Della A. Forster a , b , * , Fiona E. McLardie-Hore a , b , Helen L. McLachlan a , c , Mary-Ann Davey d , Heather A. Grimes a , Cindy-Lee Dennis e , Kate Mortensen f , Anita M. Moorhead a , b , Susan Tawia f , Lisa Gold g , Touran Shafiei a , Rhonda Small a , Christine E. East h , Lisa H. Amir a , b
06 March 2019
ABA, Australian Breastfeeding Association, ACTRN, Australian New Zealand Clinical Trials Registry number, Adj. RR, Adjusted relative risk, AUD, Australian dollar(s), CI, Confidence interval, HR, Hazard ratio, RCT, Randomised controlled trial, RR, Relative risk, RUBY, Ringing Up about Breastfeeding earlY, sd, Standard deviation, Breastfeeding, Clinical trial, Peer support, Telephone intervention, Peer volunteer, Community-based
Breastfeeding rates are suboptimal internationally, and many infants are not receiving any breast milk at all by six months of age. Few interventions increase breastfeeding duration, particularly where there is relatively high initiation. The effect of proactive peer (mother-to-mother) support has been found to increase breastfeeding in some contexts but not others, but if it is shown to be effective would be a potentially sustainable model in many settings. We aimed to determine whether proactive telephone-based peer support during the postnatal period increases the proportion of infants being breastfed at six months of age.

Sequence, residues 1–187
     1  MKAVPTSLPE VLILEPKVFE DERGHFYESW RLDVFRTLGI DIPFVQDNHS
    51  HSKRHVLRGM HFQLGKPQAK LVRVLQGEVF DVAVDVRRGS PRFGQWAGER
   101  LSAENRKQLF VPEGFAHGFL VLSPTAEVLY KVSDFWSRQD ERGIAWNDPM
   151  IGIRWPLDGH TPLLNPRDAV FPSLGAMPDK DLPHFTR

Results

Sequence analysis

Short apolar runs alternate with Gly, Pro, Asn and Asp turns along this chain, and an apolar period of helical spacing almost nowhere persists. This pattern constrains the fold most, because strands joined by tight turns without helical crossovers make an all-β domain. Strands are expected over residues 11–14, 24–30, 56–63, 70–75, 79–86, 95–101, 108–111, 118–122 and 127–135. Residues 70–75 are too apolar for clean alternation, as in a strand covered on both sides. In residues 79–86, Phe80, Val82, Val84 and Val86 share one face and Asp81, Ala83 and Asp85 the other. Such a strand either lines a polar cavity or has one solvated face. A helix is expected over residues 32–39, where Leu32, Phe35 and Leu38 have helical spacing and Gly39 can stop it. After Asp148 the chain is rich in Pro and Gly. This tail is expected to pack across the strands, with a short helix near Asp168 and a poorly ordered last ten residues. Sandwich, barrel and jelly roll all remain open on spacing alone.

RUBY (Ringing Up about Breastfeeding earlY) was a multicentre, two-arm un-blinded randomised controlled trial conducted in three hospitals in Victoria, Australia. First-time mothers intending to breastfeed were recruited after birth and prior to hospital discharge, and randomly assigned (1:1) to usual care or usual care plus proactive telephone-based breastfeeding support from a trained peer volunteer for up to six months postpartum. A computerised random number program generated block sizes of four or six distributed randomly, with stratification by site. Research midwives were masked to block size, but masking of allocation was not possible. The primary outcome was the proportion of infants receiving any breast milk at six months of age. Analyses were by intention to treat; data were collected and analysed masked to group. The trial is registered with ACTRN, number 12612001024831.
Women were recruited between Feb 14, 2013 and Dec 15, 2015 and randomly assigned to peer support ( n = 574) or usual care ( n = 578). Five were not in the primary analysis [5 post-randomisation exclusions]. Infants of women allocated to telephone-based peer support were more likely than those allocated to usual care to be receiving breast milk at six months of age (intervention 75%, usual care 69%; Adj. RR 1·10; 95% CI 1·02, 1·18). There were no adverse events.
Providing first time mothers with telephone-based support from a peer with at least six months personal breastfeeding experience is an effective intervention for increasing breastfeeding maintenance in settings with high breastfeeding initiation.